The extra weekly $600 payments to the unemployed during the Covid-19 pandemic expired on Friday night, causing fears that many will be plunged into poverty as a result. Democrats and Republicans have yet to reach a new deal on the matter.
White House chief of staff Mark Meadows was on CBS’s Face the Nation and admitted a deal is some way off. He, along with treasury secretary Steve Mnuchin, met with Nancy Pelosi and Chuck Schumer to discuss the deal on Saturday.
“Yesterday was a step in the right direction. Our staffs are actually working today. We’ll be meeting again tomorrow. But I’m not optimistic that there will be a solution in the very near term,” he said during his appearance on CBS.
He also denied that Donald Trump had looked into delaying the November election, despite the fact that the president floated the possibility of doing so earlier this week, to widespread criticism from Democrats and Republicans.
“He has not looked at delaying any- any election,” said Meadows. “What we will do is if we try to transform this and start mailing in ballots all across the country, all 50 states, what we will see is a delay because they’re just not equipped to handle it.”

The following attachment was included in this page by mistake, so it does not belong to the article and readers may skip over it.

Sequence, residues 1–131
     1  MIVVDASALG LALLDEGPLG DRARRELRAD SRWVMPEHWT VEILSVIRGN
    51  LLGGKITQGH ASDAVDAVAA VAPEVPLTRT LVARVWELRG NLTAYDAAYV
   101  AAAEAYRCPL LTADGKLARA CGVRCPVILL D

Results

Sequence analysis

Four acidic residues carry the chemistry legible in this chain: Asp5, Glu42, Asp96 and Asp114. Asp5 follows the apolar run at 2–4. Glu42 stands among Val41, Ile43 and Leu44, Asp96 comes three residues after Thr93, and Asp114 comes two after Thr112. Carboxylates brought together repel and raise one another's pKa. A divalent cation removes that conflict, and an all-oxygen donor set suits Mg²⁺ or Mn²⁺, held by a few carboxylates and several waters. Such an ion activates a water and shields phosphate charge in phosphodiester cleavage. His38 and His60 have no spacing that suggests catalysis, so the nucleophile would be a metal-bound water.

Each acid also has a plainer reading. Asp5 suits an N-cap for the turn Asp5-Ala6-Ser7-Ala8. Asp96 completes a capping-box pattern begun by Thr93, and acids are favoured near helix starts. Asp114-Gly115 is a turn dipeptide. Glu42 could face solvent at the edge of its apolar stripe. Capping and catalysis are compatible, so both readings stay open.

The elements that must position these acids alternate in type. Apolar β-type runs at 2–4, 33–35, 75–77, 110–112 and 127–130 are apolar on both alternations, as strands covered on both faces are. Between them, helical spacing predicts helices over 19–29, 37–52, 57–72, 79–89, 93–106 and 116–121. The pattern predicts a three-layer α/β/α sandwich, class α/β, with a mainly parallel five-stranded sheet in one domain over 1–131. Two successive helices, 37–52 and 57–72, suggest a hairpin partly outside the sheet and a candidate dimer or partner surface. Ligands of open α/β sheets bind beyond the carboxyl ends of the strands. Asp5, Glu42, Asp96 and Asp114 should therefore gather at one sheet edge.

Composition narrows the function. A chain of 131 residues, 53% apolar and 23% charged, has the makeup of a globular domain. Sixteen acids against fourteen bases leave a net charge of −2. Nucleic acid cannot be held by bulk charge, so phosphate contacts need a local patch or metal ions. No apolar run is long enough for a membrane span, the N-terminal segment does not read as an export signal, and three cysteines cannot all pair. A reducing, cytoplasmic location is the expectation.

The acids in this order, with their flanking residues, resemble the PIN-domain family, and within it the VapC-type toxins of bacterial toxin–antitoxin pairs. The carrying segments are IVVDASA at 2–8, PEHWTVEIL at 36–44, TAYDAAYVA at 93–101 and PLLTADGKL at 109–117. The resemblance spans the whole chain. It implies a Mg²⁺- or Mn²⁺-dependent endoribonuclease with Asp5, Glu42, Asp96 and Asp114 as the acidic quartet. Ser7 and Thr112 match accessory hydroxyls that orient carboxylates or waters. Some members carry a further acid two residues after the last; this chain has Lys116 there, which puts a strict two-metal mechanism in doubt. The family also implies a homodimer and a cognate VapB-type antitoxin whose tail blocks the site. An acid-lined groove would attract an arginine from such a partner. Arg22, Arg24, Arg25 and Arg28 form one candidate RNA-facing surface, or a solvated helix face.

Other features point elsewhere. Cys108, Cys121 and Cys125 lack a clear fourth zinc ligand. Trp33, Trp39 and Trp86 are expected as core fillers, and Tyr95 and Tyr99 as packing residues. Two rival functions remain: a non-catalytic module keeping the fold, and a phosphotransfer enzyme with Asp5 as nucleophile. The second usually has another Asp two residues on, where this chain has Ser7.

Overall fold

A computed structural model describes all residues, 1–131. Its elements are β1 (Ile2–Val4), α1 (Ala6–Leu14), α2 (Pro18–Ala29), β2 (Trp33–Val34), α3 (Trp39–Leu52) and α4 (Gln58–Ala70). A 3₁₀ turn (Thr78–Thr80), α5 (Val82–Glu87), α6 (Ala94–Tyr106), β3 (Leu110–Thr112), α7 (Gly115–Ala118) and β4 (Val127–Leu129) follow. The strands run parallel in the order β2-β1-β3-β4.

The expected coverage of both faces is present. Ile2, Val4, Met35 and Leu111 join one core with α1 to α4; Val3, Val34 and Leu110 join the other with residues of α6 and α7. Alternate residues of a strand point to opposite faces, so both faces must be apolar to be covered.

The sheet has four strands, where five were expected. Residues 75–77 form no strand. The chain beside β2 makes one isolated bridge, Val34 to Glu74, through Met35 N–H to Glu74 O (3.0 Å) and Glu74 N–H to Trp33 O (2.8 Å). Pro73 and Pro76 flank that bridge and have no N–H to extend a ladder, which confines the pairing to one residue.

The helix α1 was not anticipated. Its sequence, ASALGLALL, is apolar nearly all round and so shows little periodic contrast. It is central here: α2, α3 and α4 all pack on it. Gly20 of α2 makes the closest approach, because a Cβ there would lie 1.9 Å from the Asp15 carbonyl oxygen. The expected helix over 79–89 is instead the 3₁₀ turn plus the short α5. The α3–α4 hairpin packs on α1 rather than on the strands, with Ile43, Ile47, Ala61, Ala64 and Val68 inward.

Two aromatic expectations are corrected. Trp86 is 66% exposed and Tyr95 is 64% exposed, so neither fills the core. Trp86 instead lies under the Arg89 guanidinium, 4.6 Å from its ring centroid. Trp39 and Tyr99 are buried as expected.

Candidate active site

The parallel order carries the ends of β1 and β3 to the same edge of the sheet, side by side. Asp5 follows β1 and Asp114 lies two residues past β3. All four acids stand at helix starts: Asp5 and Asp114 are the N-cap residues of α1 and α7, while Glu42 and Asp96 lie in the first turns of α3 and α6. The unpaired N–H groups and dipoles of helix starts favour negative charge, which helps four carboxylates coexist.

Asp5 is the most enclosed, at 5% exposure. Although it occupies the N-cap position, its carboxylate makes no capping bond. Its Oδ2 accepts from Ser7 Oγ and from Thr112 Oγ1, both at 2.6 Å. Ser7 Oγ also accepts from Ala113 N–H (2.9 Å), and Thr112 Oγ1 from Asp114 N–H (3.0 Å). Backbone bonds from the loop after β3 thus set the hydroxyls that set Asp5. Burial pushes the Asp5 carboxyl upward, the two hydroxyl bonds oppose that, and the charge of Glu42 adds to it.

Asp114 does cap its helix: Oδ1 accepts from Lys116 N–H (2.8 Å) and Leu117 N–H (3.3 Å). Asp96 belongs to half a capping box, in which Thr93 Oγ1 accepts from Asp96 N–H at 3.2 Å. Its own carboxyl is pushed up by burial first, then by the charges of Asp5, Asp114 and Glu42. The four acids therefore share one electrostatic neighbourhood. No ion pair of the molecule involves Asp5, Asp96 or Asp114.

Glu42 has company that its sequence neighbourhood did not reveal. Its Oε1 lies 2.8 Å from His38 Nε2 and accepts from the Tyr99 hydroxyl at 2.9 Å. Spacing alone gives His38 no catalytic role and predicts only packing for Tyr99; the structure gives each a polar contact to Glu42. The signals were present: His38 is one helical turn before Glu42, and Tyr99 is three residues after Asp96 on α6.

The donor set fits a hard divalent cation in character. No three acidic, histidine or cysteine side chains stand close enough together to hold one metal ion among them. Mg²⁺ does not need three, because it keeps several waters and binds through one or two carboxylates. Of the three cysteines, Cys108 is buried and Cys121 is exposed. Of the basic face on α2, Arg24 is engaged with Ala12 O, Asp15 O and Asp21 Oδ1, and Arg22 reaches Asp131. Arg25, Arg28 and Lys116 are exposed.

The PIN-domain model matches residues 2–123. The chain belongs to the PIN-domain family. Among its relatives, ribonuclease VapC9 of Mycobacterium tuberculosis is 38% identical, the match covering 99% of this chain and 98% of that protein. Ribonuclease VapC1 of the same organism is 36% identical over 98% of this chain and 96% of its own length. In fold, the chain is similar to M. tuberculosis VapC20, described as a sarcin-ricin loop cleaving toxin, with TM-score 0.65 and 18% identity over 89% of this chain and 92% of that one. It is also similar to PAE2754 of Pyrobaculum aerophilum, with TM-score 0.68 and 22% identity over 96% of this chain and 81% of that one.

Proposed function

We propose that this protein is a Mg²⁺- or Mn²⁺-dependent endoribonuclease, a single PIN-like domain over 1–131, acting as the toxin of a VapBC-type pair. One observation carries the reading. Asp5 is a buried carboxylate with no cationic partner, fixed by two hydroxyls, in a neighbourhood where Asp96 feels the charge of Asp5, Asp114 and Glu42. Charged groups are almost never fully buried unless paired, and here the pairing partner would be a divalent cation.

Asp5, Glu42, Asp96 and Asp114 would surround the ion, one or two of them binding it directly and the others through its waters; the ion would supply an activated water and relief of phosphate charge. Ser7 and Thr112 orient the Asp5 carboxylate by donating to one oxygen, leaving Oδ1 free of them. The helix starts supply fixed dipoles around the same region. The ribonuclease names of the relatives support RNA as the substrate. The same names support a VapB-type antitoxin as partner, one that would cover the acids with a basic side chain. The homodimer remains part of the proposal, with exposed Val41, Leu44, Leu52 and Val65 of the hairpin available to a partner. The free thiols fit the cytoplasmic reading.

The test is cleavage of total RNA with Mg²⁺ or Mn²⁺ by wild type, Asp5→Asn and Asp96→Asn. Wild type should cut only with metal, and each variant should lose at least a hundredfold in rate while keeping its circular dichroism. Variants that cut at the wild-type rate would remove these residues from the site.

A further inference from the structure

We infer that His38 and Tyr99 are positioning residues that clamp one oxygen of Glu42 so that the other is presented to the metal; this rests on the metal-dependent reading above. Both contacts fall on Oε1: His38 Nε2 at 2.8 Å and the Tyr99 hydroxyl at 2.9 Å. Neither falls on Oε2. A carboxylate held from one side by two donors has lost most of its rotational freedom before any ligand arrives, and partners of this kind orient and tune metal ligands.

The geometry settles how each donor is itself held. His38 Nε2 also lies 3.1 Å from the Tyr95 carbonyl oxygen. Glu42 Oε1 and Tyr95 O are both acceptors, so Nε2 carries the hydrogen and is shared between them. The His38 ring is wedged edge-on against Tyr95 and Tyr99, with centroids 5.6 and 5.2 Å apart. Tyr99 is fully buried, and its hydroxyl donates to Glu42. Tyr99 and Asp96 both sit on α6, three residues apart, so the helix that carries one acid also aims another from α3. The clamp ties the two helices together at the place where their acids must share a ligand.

There is no substantial evidence mail-in voting is subject to fraud, as Trump suggested when he spoke about delaying the election. You can read more about it here:
Giroir says US needs to move on from hydroxychloroquine
Hydroxychloroquine has been back in the news recently, thanks to Dr Stella Immanuel.
The Houston-based doctor and pastor said the drug can “stop Covid in its tracks in 30 days” but then again she also believes some women’s medical problems are caused by sex with “spirit husbands”. Donald Trump, who has touted hydroxychloroquine himself in the past, called Immanuel “impressive” earlier this week.
During an appearance on NBC’s Meet the Press, Trump’s coronavirus testing tsar, Brett Giroir, said there is no evidence hydroxychloroquine is an effective treatment for Covid-19.